Scientists have described a new-to-science snake species from Peru’s Otishi National Park and named it after the actor Harrison Ford for his conservation advocacy.
The pale yellowish-brown snake with black blotches was found in high-elevation wetlands and identified using genetic techniques.
The team faced risks from illegal drug activity in the remote park area where the snake was found, cutting their survey short.
Satellite data and imagery show several areas of forest loss throughout the park, which appear to have been caused by natural landslides. Still, some bear the hallmarks of human-caused clearing likely linked to coca cultivation and drug trafficking.
Remember Indiana Jones’ famous line “Snakes! Why’d it have to be snakes?” in the 1981 film Raiders of the Lost Ark? That iconic moment has taken on a new twist as the actor behind the adventurous archaeologist, Harrison Ford, has become the namesake of a newly described snake species.
In the forests of Otishi National Park in Peru, scientists found a 40-centimeter (16-inch) snake with a unique appearance: pale yellowish-brown adorned with scattered black blotches. Its distinguishing features include a black belly and a vertical streak over its copper-colored eye. The scientists identified this previously unknown snake species using advanced genetic sequencing techniques.
The snake species, described in a new paper as Tachymenoides harrisonfordi, lives in high-elevation wetlands in the southern regions of Peru. The name choice pays homage to Ford, who not only portrayed Indiana Jones and Hans Solo but is also a committed advocate for nature conservation. Ford holds the position of vice chair on the board of directors for the nonprofit organization Conservation International.
The specimen was found and described by Edgar Lehr of Illinois Wesleyan University, along with colleagues Juan Cusi, Maura Fernandez and Ricardo Vera from the Museum of Natural History at Peru’s National University of San Marcos, and Alessandro Catenazzi of Florida International University.
Naming species after celebrities is controversial, but Lehr said it could help bring attention to how many plants and animals are unknown to science, hopefully attracting more research funding. He said it’s important to document new species so we can protect them.
When interviewed by Conservation International about the newly named snake species, Ford said, “The snake’s got eyes you can drown in, and he spends most of the day sunning himself by a pool of dirty water — we probably would’ve been friends in the early ’60s.”
“In all seriousness,” he added, “this discovery is humbling. It’s a reminder that there’s still so much to learn about our wild world — and that humans are one small part of an impossibly vast biosphere.”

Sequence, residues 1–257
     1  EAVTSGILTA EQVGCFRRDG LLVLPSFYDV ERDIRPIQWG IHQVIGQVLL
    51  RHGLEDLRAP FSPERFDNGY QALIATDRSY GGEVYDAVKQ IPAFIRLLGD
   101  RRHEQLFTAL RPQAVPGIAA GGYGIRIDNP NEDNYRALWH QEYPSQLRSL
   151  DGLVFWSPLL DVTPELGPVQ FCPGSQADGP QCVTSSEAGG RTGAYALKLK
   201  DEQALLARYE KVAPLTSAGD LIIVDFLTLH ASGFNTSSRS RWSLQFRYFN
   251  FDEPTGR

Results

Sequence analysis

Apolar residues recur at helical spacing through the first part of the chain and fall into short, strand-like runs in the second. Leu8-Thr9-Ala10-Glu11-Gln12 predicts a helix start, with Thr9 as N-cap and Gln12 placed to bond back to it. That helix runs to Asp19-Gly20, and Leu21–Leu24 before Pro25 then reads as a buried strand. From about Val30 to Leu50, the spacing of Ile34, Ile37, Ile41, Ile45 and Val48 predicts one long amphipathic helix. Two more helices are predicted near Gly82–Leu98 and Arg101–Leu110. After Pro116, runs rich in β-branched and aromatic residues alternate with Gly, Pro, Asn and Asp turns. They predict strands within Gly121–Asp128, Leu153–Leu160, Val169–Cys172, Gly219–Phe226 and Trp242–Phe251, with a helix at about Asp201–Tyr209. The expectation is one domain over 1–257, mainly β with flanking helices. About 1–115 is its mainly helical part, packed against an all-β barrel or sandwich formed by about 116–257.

Lehr said he and his team faced significant challenges during their expedition in Otishi National Park. The area of the park where they found the snake was difficult to reach, and the team had to fly in by helicopter with supplies for several weeks. Lehr said the place is considered one of Peru’s least scientifically surveyed national parks.
The area is known for the illicit cultivation of coca plants to make cocaine for the illegal drug trade, threatening researchers and authorities there. At first, Lehr said, the researchers thought they were safe in the isolated area, but soon realized they were in danger. They came across an abandoned camp and then heard strange voices on their radios and saw a drone spying on them.
“I carried a walkie-talkie so we could communicate if the team was separated,” Lehr said. “On the ninth day of the trip, I suddenly heard unfamiliar voices coming through the speaker. We were in this incredibly remote location, so we immediately knew that there were other people around who were using the same radio frequency … The voices seemed to hear us, too, and they sounded shocked.”
The team decided to cut their trip short. After four days of waiting, a military helicopter finally picked up the scientists and got them out safely. Lehr said it’s unlikely they’ll return due to the threatening presence of drug traffickers.
Lehr said while large-scale deforestation doesn’t seem to be a significant issue in the park, the drug trade does cause some small-scale clearing for the growing of coca plants at lower elevations, as well as cocaine production and its transport to illegal airstrips cleared from forest at higher elevations.
Satellite data and imagery from Global Forest Watch show several areas of forest loss throughout the park. Many of these appear to have been caused by natural landslides, but somebear the hallmarks of human-caused clearing.
Lehr emphasized the need for further field studies to understand the biology and population of the newly described snake species, but said dangers posed by illegal activities hinder exploration in this biodiverse region.
“There’s so much left to discover here,” Lehr said.